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The Death of Fake Work

This year I came across a word that has stuck with me. There is "Goblin Mode" but this is about "Fake Work."

It is not a new word or phrase, but personally, I find it illuminating considering all the hustle and bustle happening with rising inflation. Almost everyone is running the race to avoid being broke, even though the outcome is not productively profitable for everyone. There is a need to work, but what quality of work? Being busy is attractive, and doing nothing is never in style because you do not want to be termed "lazy" in a world where every other person is achieving something (have you been to LinkedIn?).

So, I have made it a mission to deliberately avoid fake work in all aspects of my life, particularly in my Ph.D. endeavor. The aimless energy consuming spaces of fake work in our lives need to be checked because no one actually wakes up in the morning to say, "Ah, today I am doing some fake work." The intentions are always right, but it is ultimately, a waste of time and resources. Fake work is exhausting and drains the best part of your day. The chances are that you are committed to fake work now without even realizing it. Working even harder but getting nowhere. At least, pretend workers know they intend on achieving nothing, which is better than fake work where you intend to work but end up with nothing.

To understand fake work, here are some words by Rodger Dean Duncan from Forbes

Most fake work is not deliberate. Most fake work is perfectly well intended. People who engage in fake work—and that’s most of us at least some of the time, and some of us most of the time—just don’t notice that what they’re doing is not producing intended outcomes.
It’s not that people doing fake work aren’t busy. They’re often very busy. But they mistake activity for results. And working hard is not a barometer, because you can work very hard and still be building a road to nowhere. You might be doing fake work because you were told to do it. You might be doing fake work because you’re rewarded for doing it.

Learning to do nothing defiantly is sometimes a form of rebellion against the rat race fever and overachievers league of shenanigans. The determination to rest, sit still when it seems like time is racing away is a powerful state of mind to be. Knowing what productivity means for you and how to stay productively on track is key. Everywhere you turn, the word is to stay productive, but productivity is subjective, and the race to find your hustle and happiness in this life is dynamic. What works for everyone differs, which is made worse by this age of social media where everything seems to be "how hard you work." People barely catch any breathers or breaks from bills, debt, and whatever success they are chasing. Nobody wants to fail, so we are caught in the spinning web of work, work and more work.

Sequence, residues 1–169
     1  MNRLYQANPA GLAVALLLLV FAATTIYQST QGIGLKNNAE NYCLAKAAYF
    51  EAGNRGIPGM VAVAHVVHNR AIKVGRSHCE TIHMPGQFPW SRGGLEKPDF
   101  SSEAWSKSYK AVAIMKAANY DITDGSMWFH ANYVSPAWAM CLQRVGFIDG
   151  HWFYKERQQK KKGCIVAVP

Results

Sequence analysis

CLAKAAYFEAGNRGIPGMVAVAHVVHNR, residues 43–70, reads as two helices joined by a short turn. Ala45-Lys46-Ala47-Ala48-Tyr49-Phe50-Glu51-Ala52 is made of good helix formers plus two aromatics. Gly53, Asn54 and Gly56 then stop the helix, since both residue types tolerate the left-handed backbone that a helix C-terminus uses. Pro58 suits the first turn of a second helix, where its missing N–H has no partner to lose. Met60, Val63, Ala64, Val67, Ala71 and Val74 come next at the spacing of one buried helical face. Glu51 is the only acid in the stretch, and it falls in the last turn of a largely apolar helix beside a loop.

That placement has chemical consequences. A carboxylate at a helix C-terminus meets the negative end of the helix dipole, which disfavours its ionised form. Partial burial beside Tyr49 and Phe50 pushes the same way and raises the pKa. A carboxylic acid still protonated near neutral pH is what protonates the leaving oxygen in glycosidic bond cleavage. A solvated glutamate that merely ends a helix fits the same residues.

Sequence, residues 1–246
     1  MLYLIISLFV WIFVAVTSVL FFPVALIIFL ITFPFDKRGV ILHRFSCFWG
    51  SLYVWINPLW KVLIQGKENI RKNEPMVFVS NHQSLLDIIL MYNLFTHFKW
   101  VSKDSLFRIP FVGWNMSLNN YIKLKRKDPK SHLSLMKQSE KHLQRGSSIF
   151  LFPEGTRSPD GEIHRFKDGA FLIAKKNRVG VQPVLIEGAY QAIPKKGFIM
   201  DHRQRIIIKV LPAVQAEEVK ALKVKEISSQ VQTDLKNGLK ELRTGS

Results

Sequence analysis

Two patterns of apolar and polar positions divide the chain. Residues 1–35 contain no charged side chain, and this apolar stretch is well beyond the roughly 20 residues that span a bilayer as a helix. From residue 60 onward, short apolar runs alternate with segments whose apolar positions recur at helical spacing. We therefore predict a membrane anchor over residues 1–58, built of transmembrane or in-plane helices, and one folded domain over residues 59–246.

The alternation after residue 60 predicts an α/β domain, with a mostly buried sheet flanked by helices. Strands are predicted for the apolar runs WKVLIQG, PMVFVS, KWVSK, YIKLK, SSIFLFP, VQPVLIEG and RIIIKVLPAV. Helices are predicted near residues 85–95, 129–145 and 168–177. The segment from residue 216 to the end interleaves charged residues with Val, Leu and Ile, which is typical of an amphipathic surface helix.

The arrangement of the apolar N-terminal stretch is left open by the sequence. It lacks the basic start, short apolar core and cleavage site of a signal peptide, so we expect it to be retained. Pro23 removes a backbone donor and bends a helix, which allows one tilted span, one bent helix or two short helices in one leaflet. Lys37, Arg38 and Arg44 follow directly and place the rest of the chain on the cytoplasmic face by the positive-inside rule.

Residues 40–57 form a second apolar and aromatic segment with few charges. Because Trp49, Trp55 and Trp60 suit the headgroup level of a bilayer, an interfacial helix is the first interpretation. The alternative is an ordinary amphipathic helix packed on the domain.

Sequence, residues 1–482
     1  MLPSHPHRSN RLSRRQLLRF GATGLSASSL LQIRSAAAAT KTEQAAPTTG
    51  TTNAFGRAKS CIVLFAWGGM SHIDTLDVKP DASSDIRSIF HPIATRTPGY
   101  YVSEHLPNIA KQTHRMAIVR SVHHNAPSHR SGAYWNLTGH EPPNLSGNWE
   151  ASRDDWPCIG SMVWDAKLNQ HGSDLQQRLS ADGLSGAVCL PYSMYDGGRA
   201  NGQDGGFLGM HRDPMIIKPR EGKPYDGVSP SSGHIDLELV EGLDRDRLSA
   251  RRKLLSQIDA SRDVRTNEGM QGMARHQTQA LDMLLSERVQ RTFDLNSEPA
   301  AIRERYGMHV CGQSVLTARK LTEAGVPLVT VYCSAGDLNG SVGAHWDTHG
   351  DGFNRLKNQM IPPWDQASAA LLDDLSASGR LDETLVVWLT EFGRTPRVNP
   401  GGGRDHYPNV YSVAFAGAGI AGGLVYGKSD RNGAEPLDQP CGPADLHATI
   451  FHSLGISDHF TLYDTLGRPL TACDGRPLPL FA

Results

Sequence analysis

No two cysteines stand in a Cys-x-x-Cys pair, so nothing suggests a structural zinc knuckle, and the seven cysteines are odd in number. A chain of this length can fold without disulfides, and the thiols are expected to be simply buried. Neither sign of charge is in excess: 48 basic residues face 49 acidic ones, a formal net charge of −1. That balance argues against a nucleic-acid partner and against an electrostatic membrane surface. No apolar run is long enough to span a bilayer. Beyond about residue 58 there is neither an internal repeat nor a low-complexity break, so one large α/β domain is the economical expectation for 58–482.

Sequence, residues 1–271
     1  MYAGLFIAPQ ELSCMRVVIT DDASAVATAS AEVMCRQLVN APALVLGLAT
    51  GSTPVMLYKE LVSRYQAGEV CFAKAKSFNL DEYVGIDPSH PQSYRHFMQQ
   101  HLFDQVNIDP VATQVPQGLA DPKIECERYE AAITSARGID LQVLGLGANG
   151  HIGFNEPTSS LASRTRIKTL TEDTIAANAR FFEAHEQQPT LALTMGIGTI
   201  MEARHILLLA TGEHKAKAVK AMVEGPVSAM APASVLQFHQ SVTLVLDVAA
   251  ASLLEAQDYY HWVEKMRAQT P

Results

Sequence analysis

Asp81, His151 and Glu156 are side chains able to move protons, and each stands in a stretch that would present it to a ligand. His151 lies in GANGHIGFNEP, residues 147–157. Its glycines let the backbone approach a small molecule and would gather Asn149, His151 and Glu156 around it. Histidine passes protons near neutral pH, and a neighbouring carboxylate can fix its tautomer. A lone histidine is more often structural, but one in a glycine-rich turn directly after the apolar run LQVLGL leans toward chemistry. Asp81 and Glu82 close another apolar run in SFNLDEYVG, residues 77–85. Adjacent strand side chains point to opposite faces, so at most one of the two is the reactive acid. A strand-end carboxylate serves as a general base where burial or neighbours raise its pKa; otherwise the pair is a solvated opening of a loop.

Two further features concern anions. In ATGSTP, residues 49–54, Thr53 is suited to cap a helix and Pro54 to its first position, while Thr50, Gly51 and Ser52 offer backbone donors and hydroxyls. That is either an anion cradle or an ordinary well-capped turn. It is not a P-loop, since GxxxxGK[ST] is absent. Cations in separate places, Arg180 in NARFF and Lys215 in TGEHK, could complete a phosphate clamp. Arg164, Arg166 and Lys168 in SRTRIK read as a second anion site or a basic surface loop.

There are specific indices based on popular algorithms of what counts as "it" and as "goals." Once someone goes viral for achieving something of significance, especially something material like money or some sort of internet fame, then the next thing is that you find everyone racing in that direction without understanding the underbelly of that person's story. The mistake of not being clear about what you want to achieve and brainstorming to break it down clearly will cost you in ways you may not understand instantly. The push to at least, do something, even when it is taking you nowhere, is a trap. Even if not all work is productive, there should be a lesson to be learned from every experience, and learning nothing from an activity itself should also be considered a lesson.


My journey into finding fake work spots in my life has been illuminating. From endless doom scrolling on social media, and pointless browsing for research to reading academic articles without assimilation or even going to the library, I have improved my productive experience. I am clearer on the things I want and learned to slow down on my Ph.D. journey because striving to meet deadlines and aiming to stay productive by all means can send you spiraling downhill into depression and anxiety. As a very hyperactive person by nature, I tend to do things on the go but growing older has changed and helped me to see life deeper and calm down. More importantly, I have realized it is okay to slow down knowing that just like the bus stop, another bus is coming if you just missed this one.

Personally, the goal at this point in my life is not to be "busy" on an active timeline going nowhere or an active timeline to prove that i am doing something, anything, everything...i aim to deliberately avoid fake work, and resist all the good intentions in my life to remain in the "activity trap." This includes weeding out people in my networks who urge me on with the fake work mentality because, ultimately, even if you choose not to commit to fake work, the people around you and the networks you operate in could be another reason for actively fake working.

Fake work must die and never resurrect in my productive life. What about you?

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